Our new acquisition of Playfair’s An account of Aden : re-printed from “A history of Arabia Felix” adds to this collection of his publications produced during his time in Aden. As stated in the title, An account of Aden is drawn from his History of Arabia Felix but was printed at the Jail Press for Cowasjee Dinshaw. Dinshaw Adenwalla was a Parsee trader who emigrated from Surat, Bombay to Aden around 1855. At the time that Playfair was resident in Aden, there were two presses in operation, one in the jail run by convict labour and the other ran by Cowasjee Dinshaw and Brothers; both presses printed for the local government and for private interest, and the imprint on this book shows that the trade flourished co-operatively.
Playfair’s interest in botany is evidenced by his prolific correspondence with the experts at Kew found particularly in PLFR6/15 (msdep14/6/15). He sent many plant specimens back to Kew Gardens including a unique specimen of poinscaria in 1861 which was actually named after him; Kew also sent out to Playfair in Aden various plants which they thought might flourish there. As he moved on to later posts, his writings expanded to produce a magisterial guide to the fishes of Zanzibar and travels in Algeria and Tunisia amongst other topics.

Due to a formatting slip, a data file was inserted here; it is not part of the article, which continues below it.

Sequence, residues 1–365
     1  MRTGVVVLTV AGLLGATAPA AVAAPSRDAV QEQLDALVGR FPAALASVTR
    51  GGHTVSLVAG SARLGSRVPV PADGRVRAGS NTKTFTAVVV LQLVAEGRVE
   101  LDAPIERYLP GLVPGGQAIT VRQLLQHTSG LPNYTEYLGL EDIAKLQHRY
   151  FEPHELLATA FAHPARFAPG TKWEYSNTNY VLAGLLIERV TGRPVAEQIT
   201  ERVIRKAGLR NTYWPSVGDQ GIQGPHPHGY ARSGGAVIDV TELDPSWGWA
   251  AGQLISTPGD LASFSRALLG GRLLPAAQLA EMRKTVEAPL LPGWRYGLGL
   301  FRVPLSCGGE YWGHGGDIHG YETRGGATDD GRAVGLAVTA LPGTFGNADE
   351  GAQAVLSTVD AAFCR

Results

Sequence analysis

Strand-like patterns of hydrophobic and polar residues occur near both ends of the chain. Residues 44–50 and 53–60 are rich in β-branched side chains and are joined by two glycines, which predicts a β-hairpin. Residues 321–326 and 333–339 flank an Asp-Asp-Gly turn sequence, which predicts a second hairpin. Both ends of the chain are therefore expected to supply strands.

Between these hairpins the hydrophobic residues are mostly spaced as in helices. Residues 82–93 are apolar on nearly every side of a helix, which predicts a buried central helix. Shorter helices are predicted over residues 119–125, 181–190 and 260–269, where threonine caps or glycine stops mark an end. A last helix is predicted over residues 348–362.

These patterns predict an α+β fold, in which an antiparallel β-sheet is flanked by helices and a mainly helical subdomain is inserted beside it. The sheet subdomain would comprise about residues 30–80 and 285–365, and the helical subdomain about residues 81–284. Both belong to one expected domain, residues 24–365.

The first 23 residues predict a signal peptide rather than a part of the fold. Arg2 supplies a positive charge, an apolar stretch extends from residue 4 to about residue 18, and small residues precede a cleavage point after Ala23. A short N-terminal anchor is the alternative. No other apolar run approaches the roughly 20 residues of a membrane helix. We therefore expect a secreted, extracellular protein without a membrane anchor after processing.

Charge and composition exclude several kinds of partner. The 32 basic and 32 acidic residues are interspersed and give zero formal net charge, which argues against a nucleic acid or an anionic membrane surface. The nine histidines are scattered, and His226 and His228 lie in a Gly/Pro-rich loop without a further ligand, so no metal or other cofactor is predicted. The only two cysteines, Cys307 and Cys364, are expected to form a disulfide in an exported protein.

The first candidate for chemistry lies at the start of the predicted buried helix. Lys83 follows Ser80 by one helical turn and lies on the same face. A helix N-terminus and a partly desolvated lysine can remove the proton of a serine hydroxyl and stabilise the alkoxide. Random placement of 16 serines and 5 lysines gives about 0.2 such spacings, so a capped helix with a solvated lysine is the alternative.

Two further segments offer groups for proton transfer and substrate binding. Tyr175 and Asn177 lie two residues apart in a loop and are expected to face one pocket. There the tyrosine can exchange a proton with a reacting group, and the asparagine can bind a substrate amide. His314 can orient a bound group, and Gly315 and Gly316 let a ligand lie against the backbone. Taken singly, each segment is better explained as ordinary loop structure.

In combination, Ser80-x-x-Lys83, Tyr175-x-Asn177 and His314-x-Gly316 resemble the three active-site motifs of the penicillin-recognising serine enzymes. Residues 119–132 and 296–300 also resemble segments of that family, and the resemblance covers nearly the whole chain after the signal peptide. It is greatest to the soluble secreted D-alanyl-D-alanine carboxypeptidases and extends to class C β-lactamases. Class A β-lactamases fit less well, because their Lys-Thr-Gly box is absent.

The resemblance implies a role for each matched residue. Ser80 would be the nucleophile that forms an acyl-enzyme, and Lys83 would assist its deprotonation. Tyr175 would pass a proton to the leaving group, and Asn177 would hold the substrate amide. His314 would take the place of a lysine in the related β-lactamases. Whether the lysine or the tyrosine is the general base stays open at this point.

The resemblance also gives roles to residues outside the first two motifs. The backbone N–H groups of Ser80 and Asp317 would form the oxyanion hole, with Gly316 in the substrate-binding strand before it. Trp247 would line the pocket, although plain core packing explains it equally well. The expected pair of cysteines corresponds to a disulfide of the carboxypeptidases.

On the family front, Playfair was devoted to all the members of his large and distinguished family and his papers show his strong interest in and support for them all through his life. He married his cousin Agnes Ranken Webster (1832-1918) at whose home near Cupar he had spent many childhood holidays. She was an interesting and intelligent woman. It was a strong and loving marriage and many letters between Playfair and his wife are incorporated into the collection.
–Marion M. Stewart & DG
Following a period of short-term project work, Marion has been a long-standing volunteer for the Department of Special Collections and has spent much of her time working through the Playfair Papers and other papers relating to the Scottish diaspora. She previously was archivist for Dumfries and Galloway Council, the Churchill Archive Centre, Cambridge and Kings College, Cambridge.